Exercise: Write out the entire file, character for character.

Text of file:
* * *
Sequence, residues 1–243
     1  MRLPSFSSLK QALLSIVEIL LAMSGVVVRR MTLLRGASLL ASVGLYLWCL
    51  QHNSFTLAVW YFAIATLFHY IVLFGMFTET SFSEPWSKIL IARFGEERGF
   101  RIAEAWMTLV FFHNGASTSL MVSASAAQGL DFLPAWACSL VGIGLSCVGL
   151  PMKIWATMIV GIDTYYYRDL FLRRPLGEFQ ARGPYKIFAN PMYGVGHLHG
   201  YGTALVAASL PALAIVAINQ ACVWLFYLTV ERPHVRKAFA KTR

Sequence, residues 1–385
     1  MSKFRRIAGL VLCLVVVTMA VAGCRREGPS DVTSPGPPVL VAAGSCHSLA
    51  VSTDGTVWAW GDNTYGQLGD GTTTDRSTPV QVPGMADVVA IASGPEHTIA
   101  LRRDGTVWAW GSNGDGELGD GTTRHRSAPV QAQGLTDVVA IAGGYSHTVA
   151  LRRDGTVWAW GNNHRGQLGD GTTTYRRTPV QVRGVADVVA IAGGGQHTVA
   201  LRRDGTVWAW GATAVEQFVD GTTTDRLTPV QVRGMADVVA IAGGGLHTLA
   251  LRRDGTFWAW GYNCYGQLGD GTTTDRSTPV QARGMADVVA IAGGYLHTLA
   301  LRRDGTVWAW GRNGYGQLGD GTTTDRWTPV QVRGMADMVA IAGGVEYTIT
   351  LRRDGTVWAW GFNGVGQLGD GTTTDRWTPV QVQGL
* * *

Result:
Sequence, residues 1–243
     1  MRLPSFSSLK QALLSIVEIL LAMSGVVVRR MTLLRGASLL ASVGLYLWCL
    51  QHNSFTLAVW YFAIATLFHY IVLFGMFTET SFSEPWSKIL IARFGEERGF
   101  RIAEAWMTLV FFHNGASTSL MVSASAAQGL DFLPAWACSL VGIGLSCVGL
   151  PMKIWATMIV GIDTYYYRDL FLRRPLGEFQ ARGPYKIFAN PMYGVGHLHG
   201  YGTALVAASL PALAIVAINQ ACVWLFYLTV ERPHVRKAFA KTR

Sequence, residues 1–385
     1  MSKFRRIAGL VLCLVVVTMA VAGCRREGPS DVTSPGPPVL VAAGSCHSLA
    51  VSTDGTVWAW GDNTYGQLGD GTTTDRSTPV QVPGMADVVA IASGPEHTIA
   101  LRRDGTVWAW GSNGDGELGD GTTRHRSAPV QAQGLTDVVA IAGGYSHTVA
   151  LRRDGTVWAW GNNHRGQLGD GTTTYRRTPV QVRGVADVVA IAGGGQHTVA
   201  LRRDGTVWAW GATAVEQFVD GTTTDRLTPV QVRGMADVVA IAGGGLHTLA
   251  LRRDGTFWAW GYNCYGQLGD GTTTDRSTPV QARGMADVVA IAGGYLHTLA
   301  LRRDGTVWAW GRNGYGQLGD GTTTDRWTPV QVRGMADMVA IAGGVEYTIT
   351  LRRDGTVWAW GFNGVGQLGD GTTTDRWTPV QVQGL